The U.S. Navy is down an amphibious assault ship (LHD), and the service has now concluded that there were failures at all levels—from the commanders, crew members, and others that fueled the July 2020 arson fire that destroyed the USS Bonhomme Richard. The fire, which burned for four days in San Diego, California, injured forty sailors and twenty-three civilians.
The Navy's findings cast blame on thirty-six sailors, including five admirals for having a role that contributed to the loss of the warship. The report also identified multiple cascading failures in the fire response.
"Although the fire was started by an act of arson, the ship was lost due to an inability to extinguish the fire," wrote U.S. 3rd Fleet commander Vice Adm. Scott Conn, who is overseeing the Navy's investigation.
Arson charges have already been filed against one sailor, who has been identified as Seaman Apprentice Ryan Sawyer Mays in an affidavit that was unsealed in August 2021. Mays, 20, had allegedly started the fire out of animosity towards his commanders. He had reportedly aspired to become a SEAL but dropped out of the Basic Underwater Demolition/SEAL training after just five days in October 2019.
"According to Navy leadership, the morale and behavior of sailors who had aspired to become a SEAL, and then find themselves serving in a more traditional role on a Navy ship, are frequently very challenging," the affidavit noted.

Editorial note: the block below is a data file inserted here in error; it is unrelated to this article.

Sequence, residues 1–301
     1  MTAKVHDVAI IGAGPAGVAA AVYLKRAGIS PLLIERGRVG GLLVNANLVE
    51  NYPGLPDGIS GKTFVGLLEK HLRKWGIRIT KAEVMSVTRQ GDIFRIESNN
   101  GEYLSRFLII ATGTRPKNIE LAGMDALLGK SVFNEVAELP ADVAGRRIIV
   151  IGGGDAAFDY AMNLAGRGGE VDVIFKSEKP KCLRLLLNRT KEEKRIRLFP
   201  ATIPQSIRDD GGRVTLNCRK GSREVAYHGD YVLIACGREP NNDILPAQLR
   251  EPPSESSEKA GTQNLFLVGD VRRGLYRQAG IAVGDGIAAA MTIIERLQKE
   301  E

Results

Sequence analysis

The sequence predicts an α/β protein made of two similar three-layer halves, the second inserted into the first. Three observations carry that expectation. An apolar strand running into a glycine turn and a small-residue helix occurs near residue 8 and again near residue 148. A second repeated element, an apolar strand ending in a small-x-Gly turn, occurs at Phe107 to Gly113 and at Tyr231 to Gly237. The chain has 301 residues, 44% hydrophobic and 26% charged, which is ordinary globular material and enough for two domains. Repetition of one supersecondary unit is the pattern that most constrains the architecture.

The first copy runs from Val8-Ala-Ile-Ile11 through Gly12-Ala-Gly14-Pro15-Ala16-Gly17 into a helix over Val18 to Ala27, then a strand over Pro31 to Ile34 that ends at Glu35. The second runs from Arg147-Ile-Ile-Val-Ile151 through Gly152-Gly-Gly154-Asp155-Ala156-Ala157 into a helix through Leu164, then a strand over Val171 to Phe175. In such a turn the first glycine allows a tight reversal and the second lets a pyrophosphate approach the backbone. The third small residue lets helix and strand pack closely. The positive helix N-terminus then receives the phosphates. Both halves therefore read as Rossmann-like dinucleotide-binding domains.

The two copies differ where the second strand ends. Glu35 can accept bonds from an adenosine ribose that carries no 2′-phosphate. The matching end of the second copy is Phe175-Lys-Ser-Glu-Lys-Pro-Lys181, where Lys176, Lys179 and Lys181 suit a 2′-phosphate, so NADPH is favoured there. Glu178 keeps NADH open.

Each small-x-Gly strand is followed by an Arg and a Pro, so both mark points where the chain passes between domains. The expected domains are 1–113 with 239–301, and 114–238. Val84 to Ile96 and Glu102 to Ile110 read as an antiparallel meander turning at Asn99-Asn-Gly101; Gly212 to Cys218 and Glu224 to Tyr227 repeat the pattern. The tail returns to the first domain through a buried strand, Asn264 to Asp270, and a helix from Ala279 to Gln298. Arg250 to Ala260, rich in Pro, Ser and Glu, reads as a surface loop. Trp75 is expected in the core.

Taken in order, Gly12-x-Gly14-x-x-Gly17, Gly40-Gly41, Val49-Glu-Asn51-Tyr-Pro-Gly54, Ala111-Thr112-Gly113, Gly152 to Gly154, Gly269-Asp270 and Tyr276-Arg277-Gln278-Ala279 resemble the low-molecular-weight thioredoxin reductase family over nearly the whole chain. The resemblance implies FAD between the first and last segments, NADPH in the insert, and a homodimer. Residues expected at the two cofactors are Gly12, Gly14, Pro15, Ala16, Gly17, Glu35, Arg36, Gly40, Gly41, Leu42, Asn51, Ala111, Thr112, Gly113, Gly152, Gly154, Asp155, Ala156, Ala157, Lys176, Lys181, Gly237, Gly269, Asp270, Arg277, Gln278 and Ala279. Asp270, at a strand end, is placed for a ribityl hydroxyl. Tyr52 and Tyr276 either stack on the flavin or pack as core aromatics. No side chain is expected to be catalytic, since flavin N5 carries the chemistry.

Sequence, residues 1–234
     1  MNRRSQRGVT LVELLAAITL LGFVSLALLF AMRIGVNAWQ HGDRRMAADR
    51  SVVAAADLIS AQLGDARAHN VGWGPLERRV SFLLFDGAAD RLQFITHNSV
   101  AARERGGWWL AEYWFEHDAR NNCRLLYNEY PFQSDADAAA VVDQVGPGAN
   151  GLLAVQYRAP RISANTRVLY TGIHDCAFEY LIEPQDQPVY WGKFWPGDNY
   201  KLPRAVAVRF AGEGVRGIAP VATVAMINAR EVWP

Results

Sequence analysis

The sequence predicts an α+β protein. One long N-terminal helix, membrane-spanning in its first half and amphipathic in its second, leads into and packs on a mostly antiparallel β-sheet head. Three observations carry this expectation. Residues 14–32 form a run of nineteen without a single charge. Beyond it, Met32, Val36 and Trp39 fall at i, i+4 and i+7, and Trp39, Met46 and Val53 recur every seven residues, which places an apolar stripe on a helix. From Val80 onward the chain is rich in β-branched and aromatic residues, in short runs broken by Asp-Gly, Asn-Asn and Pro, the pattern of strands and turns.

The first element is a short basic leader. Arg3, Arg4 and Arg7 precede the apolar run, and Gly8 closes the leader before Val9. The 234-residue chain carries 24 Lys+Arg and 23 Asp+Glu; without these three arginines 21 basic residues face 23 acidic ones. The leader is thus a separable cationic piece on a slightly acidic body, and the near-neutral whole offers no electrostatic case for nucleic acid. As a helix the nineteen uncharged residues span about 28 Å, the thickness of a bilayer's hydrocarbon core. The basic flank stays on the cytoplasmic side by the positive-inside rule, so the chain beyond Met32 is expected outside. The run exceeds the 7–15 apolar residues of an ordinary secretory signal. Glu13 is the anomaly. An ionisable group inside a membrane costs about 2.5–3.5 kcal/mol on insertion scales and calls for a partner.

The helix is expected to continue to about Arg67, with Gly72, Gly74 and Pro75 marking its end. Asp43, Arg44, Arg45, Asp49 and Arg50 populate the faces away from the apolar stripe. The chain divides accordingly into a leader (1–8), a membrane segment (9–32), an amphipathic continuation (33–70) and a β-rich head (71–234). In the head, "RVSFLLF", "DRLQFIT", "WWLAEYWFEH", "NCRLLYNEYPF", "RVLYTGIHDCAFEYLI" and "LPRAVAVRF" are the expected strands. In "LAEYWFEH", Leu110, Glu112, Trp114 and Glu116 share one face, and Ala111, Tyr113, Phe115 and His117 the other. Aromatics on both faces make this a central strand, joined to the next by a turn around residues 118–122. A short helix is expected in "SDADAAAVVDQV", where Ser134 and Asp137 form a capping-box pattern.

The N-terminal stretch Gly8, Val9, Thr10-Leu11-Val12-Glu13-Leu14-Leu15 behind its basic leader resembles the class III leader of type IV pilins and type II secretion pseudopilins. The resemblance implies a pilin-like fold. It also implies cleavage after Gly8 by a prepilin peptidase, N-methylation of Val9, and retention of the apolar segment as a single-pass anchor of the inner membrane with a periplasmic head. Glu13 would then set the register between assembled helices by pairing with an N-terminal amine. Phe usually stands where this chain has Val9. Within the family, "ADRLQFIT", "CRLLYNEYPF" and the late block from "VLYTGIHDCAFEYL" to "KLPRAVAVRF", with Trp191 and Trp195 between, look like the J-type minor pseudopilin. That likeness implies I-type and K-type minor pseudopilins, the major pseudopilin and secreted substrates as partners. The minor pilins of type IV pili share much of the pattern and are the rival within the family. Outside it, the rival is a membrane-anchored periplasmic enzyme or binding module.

Investigators with the Bureau of Alcohol, Tobacco, Firearms, and Explosives (ATF) were able to determine soon after the blaze was extinguished that it had originated below deck in a section called Lower V, where they found a container that had held a petroleum distillate believed to have been used to start the fire. Agents with the Naval Criminal Investigative Service began questioning sailors associated with Lower V, and those interviews led quickly to suspicion of Mays, Stars & Stripes reported.
While the Navy does believe the blaze was started by Mays, who has since maintained his innocence, the new report suggested that a multitude of mistakes were made in the first few minutes. Troops had failed to alert others to the fire for a full ten minutes upon discovering it and then failed to activate the firefighting foam system.
"A pattern of failed drills, minimal crew participation, an absence of basic knowledge on firefighting" then left the sailors unprepared, and furthermore unable to properly co-ordinate firefighting efforts with civilian officials, the report added.
An arsonist couldn't have picked a better time to cause such damage to the ship, the investigation found.
"In the 19 months executing the ship's maintenance availability, repeated failures allowed for the accumulation of significant risk and an inadequately prepared crew, which led to an ineffective fire response," wrote Adm. Conn.
In his report, Conn also concluded that the training and oversight failures throughout the fleet—from Naval Sea Systems Command, U.S. Pacific Fleet, Naval Surface Force Pacific Fleet, and several other commands—also contributed to the loss of the $2 billion warship.
The report has not officially been made public, and it is still reportedly unclear if any of the thirty-six individuals named within it have been published or will face punishment from their superiors.
The Navy decided last year to decommission and scrap the ship due to the damage. Commissioned in 1998, the 40,000-ton warship was one of the few amphibious assault vessels in service today that could operate with the F-35 Joint Strike Fighter.
Peter Suciu is a Michigan-based writer who has contributed to more than four dozen magazines, newspapers and websites. He regularly writes about military small arms, and is the author of several books on military headgear including A Gallery of Military Headdress, which is available on Amazon.com.